Instead, Volker suggested — in a moment that was quickly touted by the Trump campaign on social media – that Trump's general hesitation to provide foreign aid, especially to corrupt countries, was the prevailing justification for temporarily holding up aid to Ukraine.

Asked about whether he saw any evidence that Trump had committed "bribery" — the term Democrats have taken to using, after focus groups indicated that it would help them sell impeachment to voters — Volker was unequivocal that he had not. In fact, Volker said, Trump never linked any probe of Burisma or the Bidens to any military aid.

"I have only seen an allegation of bribery in the last week," Volker said. "I was never involved in anything that I considered to be bribery at all, or extortion."

Volker also said that he didn't initially realize the connection between a Trump-sought investigation of "Burisma" and the Bidens, given that Burisma was seen as a symbol of Ukraine's endemic corruption problem.

Hunter Biden was a board member of the Ukrainian natural gas company Burisma Holdings, which had been under investigation before then-Vice President Joe Biden pressured Ukraine to fire the prosecutor in charge. In his call with Zelensky, Trump suggested the Ukrainians look into the circumstances of the prosecutor's termination, including Joe Biden's boast that he had the prosecutor fired by threatening to withhold $1B in critical aid. (“Biden went around bragging that he stopped the prosecution, so if you can look into it…It sounds horrible to me," Trump said.)

In a lengthy opening statement, Volker said he didn't have any problem with pushing Ukraine to open an investigation into Burisma or corruption.

“It has long been U.S. policy under multiple administrations to urge Ukraine to investigate and fight internal corruption,” Volker said.

In October, Deputy Assistant Secretary of State George Kent similarly testified behind closed doors that he had qualms about Hunter Biden’s lucrative role on the board of Burisma while his father spearheaded Ukraine policy as vice president.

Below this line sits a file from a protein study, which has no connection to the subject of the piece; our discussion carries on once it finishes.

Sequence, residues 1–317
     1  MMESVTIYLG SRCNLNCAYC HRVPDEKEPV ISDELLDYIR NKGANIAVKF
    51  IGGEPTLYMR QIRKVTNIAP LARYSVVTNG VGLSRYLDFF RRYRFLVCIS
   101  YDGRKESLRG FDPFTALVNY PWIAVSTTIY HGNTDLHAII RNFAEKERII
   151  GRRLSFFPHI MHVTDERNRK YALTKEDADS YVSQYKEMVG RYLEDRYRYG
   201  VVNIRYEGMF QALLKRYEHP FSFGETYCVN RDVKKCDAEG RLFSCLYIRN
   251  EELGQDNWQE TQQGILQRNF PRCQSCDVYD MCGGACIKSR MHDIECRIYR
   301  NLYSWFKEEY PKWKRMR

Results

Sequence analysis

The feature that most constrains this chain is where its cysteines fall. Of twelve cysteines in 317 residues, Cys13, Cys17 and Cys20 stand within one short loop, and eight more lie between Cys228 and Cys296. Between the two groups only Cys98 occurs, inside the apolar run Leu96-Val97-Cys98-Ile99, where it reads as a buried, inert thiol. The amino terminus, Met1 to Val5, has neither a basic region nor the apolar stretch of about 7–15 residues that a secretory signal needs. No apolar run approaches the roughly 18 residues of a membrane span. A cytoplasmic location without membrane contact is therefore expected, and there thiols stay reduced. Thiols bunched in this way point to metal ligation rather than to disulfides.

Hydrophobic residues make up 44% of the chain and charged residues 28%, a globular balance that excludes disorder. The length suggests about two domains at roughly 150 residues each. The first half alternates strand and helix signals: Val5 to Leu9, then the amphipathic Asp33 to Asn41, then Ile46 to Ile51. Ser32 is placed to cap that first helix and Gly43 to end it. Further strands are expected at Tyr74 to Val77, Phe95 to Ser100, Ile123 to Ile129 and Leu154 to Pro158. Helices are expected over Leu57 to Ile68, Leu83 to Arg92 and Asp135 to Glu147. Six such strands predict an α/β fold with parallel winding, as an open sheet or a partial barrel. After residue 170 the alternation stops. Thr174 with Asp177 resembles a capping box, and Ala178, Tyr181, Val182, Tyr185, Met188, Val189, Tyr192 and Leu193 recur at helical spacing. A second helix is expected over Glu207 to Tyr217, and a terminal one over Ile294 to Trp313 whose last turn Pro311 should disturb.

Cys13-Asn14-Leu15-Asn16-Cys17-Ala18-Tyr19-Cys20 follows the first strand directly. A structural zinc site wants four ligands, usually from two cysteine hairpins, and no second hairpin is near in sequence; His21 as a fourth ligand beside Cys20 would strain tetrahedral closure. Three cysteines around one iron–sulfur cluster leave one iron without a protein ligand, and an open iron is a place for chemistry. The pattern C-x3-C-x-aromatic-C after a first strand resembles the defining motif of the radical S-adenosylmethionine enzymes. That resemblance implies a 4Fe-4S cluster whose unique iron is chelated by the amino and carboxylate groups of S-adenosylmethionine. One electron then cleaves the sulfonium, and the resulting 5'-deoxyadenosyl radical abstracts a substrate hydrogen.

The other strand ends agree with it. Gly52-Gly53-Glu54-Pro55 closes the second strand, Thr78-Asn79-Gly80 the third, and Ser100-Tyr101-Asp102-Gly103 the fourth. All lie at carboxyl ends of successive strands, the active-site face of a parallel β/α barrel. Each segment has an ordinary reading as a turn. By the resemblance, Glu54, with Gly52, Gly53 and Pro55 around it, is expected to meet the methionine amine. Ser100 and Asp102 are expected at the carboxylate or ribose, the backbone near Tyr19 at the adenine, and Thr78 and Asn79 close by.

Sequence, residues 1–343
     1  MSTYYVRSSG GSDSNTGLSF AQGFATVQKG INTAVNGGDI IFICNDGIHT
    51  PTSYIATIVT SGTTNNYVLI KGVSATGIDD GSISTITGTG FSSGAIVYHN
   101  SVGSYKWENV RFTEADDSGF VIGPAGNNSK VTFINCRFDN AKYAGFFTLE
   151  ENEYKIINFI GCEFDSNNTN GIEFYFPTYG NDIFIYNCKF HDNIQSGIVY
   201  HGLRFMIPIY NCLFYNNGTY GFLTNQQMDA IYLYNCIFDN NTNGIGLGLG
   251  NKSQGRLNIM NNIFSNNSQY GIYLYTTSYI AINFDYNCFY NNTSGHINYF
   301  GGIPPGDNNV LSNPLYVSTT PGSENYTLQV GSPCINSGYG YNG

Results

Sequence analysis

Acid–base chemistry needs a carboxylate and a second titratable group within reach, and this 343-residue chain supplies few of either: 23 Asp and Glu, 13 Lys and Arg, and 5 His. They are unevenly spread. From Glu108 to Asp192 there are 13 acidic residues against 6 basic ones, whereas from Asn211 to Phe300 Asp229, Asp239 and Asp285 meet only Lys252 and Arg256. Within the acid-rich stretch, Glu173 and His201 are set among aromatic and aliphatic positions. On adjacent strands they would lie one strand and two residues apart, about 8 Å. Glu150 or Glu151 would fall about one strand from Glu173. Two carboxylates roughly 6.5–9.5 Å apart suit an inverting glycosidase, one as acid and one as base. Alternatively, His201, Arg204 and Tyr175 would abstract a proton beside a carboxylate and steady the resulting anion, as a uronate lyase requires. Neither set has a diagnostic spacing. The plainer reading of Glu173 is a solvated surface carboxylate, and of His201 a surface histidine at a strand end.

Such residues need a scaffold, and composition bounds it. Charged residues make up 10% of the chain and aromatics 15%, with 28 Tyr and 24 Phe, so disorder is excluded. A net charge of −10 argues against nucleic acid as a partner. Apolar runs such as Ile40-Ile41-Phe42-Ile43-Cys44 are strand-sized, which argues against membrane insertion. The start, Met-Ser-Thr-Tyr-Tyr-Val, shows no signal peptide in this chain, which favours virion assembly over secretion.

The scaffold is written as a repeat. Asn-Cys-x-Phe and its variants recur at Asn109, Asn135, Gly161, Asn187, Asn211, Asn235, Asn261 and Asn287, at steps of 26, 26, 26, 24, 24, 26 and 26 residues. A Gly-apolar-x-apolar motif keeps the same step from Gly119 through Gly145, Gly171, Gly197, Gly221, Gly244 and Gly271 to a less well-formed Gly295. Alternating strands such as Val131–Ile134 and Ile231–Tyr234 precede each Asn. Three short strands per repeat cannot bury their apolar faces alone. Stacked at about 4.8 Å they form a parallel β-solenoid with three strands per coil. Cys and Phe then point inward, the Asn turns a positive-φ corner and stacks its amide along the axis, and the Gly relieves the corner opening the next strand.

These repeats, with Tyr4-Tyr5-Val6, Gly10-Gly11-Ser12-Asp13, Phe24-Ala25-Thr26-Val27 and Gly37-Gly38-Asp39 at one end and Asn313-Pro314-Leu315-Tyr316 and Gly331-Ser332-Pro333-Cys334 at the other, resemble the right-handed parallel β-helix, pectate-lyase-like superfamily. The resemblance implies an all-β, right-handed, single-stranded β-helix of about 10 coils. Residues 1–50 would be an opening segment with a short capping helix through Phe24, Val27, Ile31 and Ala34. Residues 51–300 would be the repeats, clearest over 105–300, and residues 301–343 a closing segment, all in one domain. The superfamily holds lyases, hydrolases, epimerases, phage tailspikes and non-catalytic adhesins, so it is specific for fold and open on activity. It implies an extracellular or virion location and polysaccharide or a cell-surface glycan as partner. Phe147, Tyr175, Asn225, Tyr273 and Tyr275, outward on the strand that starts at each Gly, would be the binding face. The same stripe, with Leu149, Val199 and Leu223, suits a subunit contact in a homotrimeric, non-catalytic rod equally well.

Both Morrison and Volker were involved in the Trump administration’s Ukraine policy at the time of Trump’s momentous summer phone call with Ukrainian President Volodymyr Zelensky in which he suggested a Biden probe.

The testimony followed five hours of testimony earlier in the day with the NSC's Lt. Col. Alexander Vindman and Vice President Pence aide Jennifer Williams.

Volker, who resigned in September after becoming embroiled in the scandal, added that he didn’t “understand” at the time that an investigation of Burisma “was tantamount to investigating Vice President Biden.”

“I saw them as very different – the former being appropriate and unremarkable, the latter being unacceptable,” Volker said. “In retrospect, I should have seen that connection differently, and had I done so, I would have raised my own objections."

Until Tuesday, none of the witnesses who have testified at the public hearings had first-hand knowledge of the president's thinking, which Republicans have used to cast doubt on Democrats' allegations. But Vindman, Williams, and Morrison all listened in on Trump's July 25 phone call with Zelensky.

Amb. Kurt Volker: At no time was I aware of an effort to urge Ukraine to investigate Joe Biden

Former U.S. envoy to Ukraine Amb. Kurt Volker gives opening statement in House impeachment inquiry.

Kurt Volker: I believe allegations against Joe Biden are ‘self-serving and not credible’

Other witnesses testified that Hunter Biden’s business dealings in Ukraine created a conflict of interest

Tim Morrison on moving of transcript to compartmentalized system

Morrison said the transcript of Trump’s call was moved in an ‘administrative error’

“I feared at the time of the call on July 25th how its disclosure would play in Washington’s political climate," Morrison said in his opening statement. "My fears have been realized.”

Morrison said his understanding was that Trump was generally skeptical of foreign aid, and wanted to make sure that taxpayers were "getting their money's worth."

"The president was concerned that the United States seemed to bear the exclusive brunt of security assistance to Ukraine," Morrison said. "He wanted to see the Europeans step up and contribute more security assistance."